If you grew up prior to the 1980s, you may not have known many people who suffered from allergies or asthma, much less had food allergies. Now, thanks to increasing prevalence, greater awareness and improved diagnosis, everyone has friends or families who are concerned with allergy and asthma triggers. Nasal allergies affect about 50 million people in the United States, and the numbers are rising, affecting as many as 30 percent of adults and up to 40 percent of children. Meanwhile asthma affects 26 million people, including 7 million children.

With so many people affected by these conditions, the doctors who are specially trained to treat them— board-certified allergists—want you to know there are ways to cope and improve how you react to the triggers that surround you and your loved ones.

1. Start treatment early

Spring time ushers in the arrival of grass pollens, the most common summer allergen.

If you suffer from seasonal allergies, you may think it’s fine to start your allergy medications when your symptoms start. Think again. Depending on what you’re allergic to and where you live, you’re well advised to start taking allergy medications before your symptoms start to alleviate suffering. This holds true for any seasonal allergy. The spring allergy season, caused primarily by tree pollination, begins in late winter or early spring, depending on your location. The summer allergy season starts in late April or early May with the arrival of grass pollens—the most common summer allergen. There may be some overlap in tree and grass pollination, particularly if the winter is long and cold and tree pollination is delayed. Late summer brings ragweed, which usually arrives in August and extends well into October or until the first frost. Mold spores, can irritate those with allergies throughout the year.

2. Steer clear of triggers

Are the soles of your shoes attracting pollen?

Sometimes, simple measures work best, like avoiding the things that trigger your allergy and asthma symptoms. For example, many people are allergic to pollen. To help you avoid contact during days when the counts are high, be sure to keep windows closed during pollen season and stay inside during morning hours (5 a.m. to 10 a.m.) when pollen counts are highest.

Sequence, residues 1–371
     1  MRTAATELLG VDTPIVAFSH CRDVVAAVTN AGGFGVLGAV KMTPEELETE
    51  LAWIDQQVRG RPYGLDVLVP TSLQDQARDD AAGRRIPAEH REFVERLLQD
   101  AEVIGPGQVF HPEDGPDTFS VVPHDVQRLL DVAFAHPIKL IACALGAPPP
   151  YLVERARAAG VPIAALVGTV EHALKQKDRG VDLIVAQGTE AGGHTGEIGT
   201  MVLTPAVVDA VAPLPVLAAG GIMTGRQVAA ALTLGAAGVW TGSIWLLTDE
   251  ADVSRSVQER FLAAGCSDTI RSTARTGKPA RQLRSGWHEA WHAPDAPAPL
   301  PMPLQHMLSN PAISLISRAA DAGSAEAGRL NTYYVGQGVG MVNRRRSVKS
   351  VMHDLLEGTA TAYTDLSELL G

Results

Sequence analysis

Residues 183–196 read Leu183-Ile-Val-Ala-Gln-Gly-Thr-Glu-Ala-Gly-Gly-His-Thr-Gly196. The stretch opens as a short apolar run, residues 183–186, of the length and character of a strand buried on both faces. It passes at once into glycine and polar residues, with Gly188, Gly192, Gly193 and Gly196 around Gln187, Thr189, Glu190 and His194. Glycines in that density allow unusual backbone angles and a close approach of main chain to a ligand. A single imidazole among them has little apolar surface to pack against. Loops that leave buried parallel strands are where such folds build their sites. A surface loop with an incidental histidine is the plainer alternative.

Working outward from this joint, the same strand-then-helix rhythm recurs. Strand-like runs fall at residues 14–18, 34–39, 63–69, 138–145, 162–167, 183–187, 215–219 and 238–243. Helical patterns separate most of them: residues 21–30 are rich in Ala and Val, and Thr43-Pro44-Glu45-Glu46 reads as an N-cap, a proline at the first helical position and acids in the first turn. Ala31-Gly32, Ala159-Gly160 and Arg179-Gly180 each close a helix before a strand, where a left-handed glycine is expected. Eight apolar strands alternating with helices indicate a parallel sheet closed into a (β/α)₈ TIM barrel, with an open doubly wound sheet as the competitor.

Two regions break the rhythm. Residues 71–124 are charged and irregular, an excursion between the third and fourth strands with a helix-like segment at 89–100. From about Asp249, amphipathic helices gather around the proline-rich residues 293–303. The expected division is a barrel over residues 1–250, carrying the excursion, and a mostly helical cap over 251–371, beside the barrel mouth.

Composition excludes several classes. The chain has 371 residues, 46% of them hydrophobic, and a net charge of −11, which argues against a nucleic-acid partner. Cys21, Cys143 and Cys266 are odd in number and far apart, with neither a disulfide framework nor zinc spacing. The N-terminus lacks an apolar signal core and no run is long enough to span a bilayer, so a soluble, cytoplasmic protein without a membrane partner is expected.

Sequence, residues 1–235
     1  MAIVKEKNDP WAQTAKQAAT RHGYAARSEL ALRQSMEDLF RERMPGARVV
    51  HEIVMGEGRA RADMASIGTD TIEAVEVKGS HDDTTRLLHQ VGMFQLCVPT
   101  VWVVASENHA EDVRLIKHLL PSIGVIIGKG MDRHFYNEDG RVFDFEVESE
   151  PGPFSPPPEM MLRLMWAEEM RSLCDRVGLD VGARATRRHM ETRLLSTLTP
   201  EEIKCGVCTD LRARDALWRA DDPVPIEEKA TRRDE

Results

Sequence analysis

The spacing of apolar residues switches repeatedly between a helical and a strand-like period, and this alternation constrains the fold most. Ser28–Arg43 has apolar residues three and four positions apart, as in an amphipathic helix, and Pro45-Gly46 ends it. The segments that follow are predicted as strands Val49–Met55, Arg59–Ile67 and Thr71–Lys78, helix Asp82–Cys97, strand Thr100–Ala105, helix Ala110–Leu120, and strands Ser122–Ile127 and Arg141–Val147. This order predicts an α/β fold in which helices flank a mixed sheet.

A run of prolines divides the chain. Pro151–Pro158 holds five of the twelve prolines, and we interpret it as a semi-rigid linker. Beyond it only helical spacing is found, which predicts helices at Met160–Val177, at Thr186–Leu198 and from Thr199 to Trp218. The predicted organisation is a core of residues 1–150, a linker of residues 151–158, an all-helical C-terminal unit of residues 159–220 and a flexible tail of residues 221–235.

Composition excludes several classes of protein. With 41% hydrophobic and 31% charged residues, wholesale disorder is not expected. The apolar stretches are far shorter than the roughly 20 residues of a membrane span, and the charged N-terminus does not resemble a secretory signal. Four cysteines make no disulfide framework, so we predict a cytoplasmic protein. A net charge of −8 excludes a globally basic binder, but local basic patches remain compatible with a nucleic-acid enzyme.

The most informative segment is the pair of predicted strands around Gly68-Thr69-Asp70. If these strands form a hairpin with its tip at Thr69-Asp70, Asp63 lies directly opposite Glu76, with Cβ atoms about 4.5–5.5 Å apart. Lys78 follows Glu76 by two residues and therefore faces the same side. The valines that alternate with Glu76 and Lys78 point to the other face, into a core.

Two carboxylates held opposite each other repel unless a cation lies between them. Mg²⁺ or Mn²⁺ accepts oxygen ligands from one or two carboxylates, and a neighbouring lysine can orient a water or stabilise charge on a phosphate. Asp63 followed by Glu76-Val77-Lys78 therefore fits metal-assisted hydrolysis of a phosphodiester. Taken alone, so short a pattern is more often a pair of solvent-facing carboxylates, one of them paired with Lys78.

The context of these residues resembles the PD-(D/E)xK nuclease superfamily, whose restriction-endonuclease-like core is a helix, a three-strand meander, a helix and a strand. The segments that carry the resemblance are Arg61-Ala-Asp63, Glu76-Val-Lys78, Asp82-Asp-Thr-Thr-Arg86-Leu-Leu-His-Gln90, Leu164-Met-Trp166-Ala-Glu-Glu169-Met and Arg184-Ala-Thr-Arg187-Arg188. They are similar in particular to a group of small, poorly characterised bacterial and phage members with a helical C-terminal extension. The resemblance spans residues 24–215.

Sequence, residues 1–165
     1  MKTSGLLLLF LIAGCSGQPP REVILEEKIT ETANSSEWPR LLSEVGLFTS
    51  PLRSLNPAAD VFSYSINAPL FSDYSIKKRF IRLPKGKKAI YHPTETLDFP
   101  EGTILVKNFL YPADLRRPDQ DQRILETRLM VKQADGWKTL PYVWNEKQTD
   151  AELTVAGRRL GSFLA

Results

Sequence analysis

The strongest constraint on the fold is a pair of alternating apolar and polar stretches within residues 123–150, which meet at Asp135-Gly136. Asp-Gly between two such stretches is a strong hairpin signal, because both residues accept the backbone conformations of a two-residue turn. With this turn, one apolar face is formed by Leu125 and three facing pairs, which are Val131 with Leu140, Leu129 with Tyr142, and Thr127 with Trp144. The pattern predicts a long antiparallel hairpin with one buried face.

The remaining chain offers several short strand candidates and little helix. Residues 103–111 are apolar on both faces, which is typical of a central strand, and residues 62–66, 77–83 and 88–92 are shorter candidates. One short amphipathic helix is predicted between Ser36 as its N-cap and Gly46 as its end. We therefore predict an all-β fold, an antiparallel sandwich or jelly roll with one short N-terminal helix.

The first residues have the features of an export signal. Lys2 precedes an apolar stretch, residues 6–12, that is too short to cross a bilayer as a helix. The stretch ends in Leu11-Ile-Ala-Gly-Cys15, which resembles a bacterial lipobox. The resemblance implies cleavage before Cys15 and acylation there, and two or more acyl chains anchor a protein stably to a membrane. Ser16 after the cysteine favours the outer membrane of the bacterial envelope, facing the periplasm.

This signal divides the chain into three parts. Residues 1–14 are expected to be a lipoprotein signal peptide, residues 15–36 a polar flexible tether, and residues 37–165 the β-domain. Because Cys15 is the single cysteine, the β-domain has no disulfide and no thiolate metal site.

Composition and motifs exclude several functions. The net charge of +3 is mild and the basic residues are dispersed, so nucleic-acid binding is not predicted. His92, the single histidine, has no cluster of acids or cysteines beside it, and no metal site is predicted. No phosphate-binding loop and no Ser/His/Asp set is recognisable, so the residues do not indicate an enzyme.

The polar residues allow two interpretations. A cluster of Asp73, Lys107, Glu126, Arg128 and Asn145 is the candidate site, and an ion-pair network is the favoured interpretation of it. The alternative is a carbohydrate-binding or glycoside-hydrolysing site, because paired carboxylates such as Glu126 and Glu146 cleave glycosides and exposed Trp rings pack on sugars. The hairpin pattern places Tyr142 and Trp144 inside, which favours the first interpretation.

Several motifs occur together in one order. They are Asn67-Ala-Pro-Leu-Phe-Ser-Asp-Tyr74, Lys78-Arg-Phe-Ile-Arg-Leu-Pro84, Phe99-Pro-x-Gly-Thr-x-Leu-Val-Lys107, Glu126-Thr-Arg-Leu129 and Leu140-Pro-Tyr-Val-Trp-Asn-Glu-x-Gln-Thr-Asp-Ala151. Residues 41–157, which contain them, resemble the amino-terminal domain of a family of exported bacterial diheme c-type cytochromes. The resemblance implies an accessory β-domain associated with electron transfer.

Try to remember to take a shower, wash your hair and change clothing after working out or playing outdoors. Don’t wear shoes in the house—the soles can attract pollen, which can be left on carpeting and other surfaces. Use a tracking matt at your door to remove it from your shoes. If you are exercising outdoors, avoid running through the grass since it can stir pollen into the air. Wear a hat and sunglasses to keep pollen out of your hair and eyes.

3. Don’t go it alone

See an allergist to personalize your asthma and allergy action plan.

Did you know that roughly two-thirds of allergy sufferers won’t find relief from over-the-counter medications? If you are among them, seeing a board-certified allergist is your best way to get both allergies and asthma under control. Many people don’t realize that allergists are asthma experts and will help you develop a personalized asthma action plan. An allergist can also determine what you’re allergic to, and the best treatment for you—whether that’s allergy shots (immunotherapy), prescription tablets or avoidance techniques.

4. Not all reactions mean allergy

When diagnosing an allergy, it’s always best to get a second opinion.

People who’ve had an adverse reaction to a medication are often told they’re allergic. It’s important to be tested by an allergist to find out if you’re truly allergic to a medication—such as penicillin—or whether you’ve had an adverse reaction. A recent study showed that 94 percent of people, who thought they were allergic to penicillin, were in fact not allergic. They assumed they needed more costly and perhaps less effective medications, and were able to change their medications based on the results.

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